Greek Academics Want Universities to Revoke Putin Honorary Degrees

ATHENS – Russian President Vladmir Putin’s invasion of Ukraine is reason for Greek universities to strip him of honorary degrees he was awarded, a group of academics have said in a petition as they seek more signatures.

That is being circulated, said Kathimerini, with the organizers saying that solidarity must be shown for Ukranians fiercely resisting and citizens being bombed in their houses and on the streets littered with the dead.

“The revocation of honorary academic degrees awarded to Vladimir Putin is today, in the tragic event of the military invasion of Ukraine, an elementary obligation of the university community to its own historical, ideological and cultural identity,” Theodoros Papatheodorou, a professor and former rector of the University of Peloponnese, and former deputy minister of education, told Kathimerini.

“It is also a matter of self-awareness and of defending European principles and values of peace, liberal democracy, security and the rule of law,” he stressed, wanting Greek schools to show their disdain for Putin’s War.

He added: “Silence has no place in the face of our duty to take a strong position against totalitarianism, authoritarianism and violations of international law,” Prime Minister Kyriakos Mitsotakis being among the first in the European Union to denounce the invasion despite ties with Russia.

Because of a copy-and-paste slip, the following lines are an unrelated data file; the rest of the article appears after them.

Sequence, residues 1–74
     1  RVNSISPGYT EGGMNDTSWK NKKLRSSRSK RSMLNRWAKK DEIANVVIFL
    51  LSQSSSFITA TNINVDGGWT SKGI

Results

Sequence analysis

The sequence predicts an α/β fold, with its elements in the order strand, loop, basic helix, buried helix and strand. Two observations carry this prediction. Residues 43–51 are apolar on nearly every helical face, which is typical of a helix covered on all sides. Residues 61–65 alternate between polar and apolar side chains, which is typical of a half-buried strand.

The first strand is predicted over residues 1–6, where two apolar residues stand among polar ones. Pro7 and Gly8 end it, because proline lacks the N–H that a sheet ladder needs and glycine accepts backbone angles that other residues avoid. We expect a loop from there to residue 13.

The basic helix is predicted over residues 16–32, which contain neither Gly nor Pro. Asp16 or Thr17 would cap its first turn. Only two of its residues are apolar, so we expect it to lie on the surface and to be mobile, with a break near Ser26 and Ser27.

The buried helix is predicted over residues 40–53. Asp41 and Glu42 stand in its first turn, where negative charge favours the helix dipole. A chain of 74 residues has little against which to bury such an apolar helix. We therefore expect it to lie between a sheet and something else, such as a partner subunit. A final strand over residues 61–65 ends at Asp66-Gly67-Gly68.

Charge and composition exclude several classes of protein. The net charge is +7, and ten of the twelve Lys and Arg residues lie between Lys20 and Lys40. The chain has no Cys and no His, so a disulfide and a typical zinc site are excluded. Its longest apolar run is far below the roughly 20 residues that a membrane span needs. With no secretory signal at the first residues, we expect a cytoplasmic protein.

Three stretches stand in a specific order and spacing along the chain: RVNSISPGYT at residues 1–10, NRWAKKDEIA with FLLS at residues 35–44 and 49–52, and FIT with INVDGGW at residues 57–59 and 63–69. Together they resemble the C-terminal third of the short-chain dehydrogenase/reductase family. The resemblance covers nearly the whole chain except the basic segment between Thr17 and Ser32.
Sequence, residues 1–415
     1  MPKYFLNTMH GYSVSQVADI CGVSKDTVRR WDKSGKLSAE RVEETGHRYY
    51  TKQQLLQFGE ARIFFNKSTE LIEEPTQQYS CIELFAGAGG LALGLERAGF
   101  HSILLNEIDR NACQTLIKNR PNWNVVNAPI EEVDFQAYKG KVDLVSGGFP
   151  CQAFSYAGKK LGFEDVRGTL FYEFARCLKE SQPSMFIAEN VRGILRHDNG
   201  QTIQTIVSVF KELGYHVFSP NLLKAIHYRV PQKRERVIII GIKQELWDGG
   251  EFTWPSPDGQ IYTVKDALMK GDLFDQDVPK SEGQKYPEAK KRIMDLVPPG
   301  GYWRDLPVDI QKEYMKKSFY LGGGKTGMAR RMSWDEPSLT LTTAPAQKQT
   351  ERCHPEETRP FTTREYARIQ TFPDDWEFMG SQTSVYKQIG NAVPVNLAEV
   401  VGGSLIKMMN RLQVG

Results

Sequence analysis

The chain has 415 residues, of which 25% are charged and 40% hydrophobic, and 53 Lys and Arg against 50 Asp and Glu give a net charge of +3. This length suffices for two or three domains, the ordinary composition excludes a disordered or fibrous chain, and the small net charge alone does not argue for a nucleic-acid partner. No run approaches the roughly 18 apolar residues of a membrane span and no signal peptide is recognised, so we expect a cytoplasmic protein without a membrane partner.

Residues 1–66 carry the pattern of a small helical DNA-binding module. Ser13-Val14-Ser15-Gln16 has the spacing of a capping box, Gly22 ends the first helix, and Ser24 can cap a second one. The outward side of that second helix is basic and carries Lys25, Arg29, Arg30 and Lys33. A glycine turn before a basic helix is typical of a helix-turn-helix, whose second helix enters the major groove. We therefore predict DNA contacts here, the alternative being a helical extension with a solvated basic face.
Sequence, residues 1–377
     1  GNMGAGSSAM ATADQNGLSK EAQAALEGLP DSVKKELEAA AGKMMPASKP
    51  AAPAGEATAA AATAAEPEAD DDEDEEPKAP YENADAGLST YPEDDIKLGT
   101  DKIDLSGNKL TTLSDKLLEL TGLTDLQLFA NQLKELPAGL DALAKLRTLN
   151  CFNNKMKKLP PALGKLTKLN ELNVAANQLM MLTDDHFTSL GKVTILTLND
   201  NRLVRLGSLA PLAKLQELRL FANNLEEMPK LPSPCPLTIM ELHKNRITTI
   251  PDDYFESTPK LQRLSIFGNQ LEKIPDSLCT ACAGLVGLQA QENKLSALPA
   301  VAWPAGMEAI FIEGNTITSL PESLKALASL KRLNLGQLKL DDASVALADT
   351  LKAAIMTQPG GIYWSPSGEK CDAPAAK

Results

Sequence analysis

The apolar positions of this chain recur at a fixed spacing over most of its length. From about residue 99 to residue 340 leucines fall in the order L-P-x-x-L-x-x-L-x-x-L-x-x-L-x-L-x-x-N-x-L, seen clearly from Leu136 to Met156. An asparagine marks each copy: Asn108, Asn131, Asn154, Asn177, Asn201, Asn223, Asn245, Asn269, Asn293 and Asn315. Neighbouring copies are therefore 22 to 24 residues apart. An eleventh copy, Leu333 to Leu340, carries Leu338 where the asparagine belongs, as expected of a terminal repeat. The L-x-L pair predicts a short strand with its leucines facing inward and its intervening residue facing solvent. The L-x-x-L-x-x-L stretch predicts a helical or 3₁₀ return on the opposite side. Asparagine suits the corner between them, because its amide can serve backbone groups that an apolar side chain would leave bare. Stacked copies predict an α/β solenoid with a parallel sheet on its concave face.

The most recent honor awarded Putin was Feb. 22, 2018, an honorary doctorate from the Department of History, Archaeology and Cultural Heritage Management at the University of the Peloponnese “for all his work and for his contribution to Greek-Russian relations, literature, society, the arts and democracy.”

Even at that time there were some bitter critics of the degree, within the university  band the community, so much so that a planned ceremony in Kalamata, where the department has located, had to be postponed.

It was eventually held at the Russian Embassy in Athens, in the presence of George Katrougalos, Greece’s then-deputy foreign minister from the previous ruling Radical Left SYRIZA that has strong Communist sympathizers.

In 2001, Putin was awarded an honorary doctorate in economics from the University of Athens, where he then spoke about the global challenges posted by terrorism and extremism, his office stated in a release.

He stressed that the choice Russia made a decade earlier was to put an end to global confrontation and paved the way for a united Europe, freedom and democracy, the statement added.


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